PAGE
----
Tunisia must keep its public sector wage bill under control to avoid severe debt problems, a senior International Monetary Fund official warned after the government agreed to raise wages of about 150,000 employees of state companies.
Late last month, Tunisia’s UGTT union canceled a nationwide strike by public sector workers after the government agreed to raise wages and not to sell state companies.
Asked about the IMF’s view of the deal, Jihad Azour, director of the Middle East and Central Asia department at the Fund, said a recent IMF study showed Tunisia’s public sector wage bill was already among the highest in the world, relative to the size of its economy.
“It’s very important for the government to maintain control over current spending and to maintain control over the wage bill,” Azour said in an interview this week.
“This will allow them to achieve the fiscal targets they have set for 2019, and also this will reduce the additional pressures that increasing spending will put on taxpayers.”
Azour said the government needed to run “a very conservative fiscal policy” that would allow it to shrink its budget deficit gradually to levels that would be acceptable for the economy.
The IMF’s opinion is important for Tunisia because it is receiving aid from the Fund that is contingent on its economic reforms. In September, the IMF approved the payment of a $245 million loan tranche to Tunisia under a $2.8 billion program, after talks which local analysts described as difficult.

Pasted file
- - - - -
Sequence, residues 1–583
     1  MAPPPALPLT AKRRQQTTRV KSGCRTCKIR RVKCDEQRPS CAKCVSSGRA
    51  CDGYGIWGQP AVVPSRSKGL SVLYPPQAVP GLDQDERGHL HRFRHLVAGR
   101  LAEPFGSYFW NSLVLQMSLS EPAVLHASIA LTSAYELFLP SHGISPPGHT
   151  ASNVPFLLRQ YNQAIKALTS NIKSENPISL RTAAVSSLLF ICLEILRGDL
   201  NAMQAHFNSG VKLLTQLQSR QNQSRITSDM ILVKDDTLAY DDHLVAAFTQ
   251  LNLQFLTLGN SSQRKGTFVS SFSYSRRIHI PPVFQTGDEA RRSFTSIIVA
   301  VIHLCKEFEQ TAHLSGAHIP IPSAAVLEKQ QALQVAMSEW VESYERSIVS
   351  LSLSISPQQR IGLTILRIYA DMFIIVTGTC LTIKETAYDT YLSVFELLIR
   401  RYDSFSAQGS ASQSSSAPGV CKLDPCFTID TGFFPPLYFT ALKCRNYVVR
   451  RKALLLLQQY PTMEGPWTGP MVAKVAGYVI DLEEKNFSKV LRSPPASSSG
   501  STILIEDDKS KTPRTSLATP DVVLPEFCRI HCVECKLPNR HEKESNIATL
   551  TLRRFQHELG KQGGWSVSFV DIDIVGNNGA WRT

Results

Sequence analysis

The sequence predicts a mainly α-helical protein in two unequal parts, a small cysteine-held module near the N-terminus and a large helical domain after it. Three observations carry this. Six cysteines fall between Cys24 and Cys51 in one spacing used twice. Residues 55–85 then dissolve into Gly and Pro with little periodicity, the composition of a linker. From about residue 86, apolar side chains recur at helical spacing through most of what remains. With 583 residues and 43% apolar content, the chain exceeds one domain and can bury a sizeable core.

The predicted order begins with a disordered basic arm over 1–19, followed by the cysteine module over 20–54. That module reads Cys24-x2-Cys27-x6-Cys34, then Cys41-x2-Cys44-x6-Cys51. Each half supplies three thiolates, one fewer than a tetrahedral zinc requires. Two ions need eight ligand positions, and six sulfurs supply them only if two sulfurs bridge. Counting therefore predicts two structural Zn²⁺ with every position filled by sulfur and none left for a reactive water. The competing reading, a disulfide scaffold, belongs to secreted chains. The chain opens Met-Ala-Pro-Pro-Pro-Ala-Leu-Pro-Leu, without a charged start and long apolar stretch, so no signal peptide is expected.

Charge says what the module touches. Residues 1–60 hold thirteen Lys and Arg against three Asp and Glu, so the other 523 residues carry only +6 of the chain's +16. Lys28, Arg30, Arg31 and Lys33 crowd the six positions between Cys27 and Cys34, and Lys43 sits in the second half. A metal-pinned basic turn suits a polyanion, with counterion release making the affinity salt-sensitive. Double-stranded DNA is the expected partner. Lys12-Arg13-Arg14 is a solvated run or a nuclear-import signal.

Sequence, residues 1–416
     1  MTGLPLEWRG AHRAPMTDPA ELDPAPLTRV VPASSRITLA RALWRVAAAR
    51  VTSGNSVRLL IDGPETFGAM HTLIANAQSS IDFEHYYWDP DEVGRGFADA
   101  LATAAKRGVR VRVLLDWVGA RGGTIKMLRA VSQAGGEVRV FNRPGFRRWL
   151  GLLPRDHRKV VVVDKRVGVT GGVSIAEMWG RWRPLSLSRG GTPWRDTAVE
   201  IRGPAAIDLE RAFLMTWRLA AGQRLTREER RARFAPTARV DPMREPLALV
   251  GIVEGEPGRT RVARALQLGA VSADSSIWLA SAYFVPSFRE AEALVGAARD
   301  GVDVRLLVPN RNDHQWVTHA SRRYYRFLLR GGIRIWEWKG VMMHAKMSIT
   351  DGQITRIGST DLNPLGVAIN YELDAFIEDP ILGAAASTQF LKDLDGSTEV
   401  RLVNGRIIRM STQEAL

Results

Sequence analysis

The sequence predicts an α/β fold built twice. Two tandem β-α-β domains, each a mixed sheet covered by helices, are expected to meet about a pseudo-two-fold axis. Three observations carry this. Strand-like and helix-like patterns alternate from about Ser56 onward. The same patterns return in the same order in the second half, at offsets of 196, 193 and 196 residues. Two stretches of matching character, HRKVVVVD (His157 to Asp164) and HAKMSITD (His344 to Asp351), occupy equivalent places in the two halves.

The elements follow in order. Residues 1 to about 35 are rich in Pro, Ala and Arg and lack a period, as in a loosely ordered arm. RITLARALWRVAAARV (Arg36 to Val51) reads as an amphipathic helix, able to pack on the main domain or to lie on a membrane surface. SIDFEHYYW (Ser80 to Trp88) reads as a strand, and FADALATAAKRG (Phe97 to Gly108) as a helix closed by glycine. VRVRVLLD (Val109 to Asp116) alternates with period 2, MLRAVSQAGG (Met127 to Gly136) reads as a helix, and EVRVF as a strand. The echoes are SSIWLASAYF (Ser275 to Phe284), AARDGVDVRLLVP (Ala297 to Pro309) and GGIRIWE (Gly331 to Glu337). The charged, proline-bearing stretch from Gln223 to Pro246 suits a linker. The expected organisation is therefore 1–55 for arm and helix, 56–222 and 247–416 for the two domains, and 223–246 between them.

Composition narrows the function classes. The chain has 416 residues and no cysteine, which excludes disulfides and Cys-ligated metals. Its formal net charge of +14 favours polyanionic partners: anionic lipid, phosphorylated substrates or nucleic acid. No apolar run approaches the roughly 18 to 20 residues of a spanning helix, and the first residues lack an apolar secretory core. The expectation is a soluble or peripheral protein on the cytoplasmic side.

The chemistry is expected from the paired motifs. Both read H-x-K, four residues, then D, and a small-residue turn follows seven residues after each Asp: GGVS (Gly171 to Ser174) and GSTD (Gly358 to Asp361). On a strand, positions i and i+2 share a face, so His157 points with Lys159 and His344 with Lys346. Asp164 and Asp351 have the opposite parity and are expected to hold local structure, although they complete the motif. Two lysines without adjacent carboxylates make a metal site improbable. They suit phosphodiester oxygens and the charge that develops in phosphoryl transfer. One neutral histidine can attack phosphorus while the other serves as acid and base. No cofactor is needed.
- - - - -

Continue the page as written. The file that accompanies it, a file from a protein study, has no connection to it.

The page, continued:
The government still faces pressure to raise the wages of about 650,000 state employees as unions have threatened a national strike this month if their demands are not met.
Prime Minister Youssef Chahed told parliament on Monday: “We hope that we will soon reach an agreement with UGTT about public sector employees that will improve purchasing power and take into account the financial situation of the country.”
Last month, the IMF urged Tunisia’s central bank to tighten monetary policy further to tackle high inflation, but the central bank decided at the start of this month to keep its key interest rate unchanged at 6.75 percent.
Azour said it was important for Tunisia to fight inflation and maintain an adequate level of foreign reserves, but he also acknowledged that the government faced a complex task in balancing multiple demands, including investing to address social issues and improving the business environment.
“We have to work on several tracks,” he said.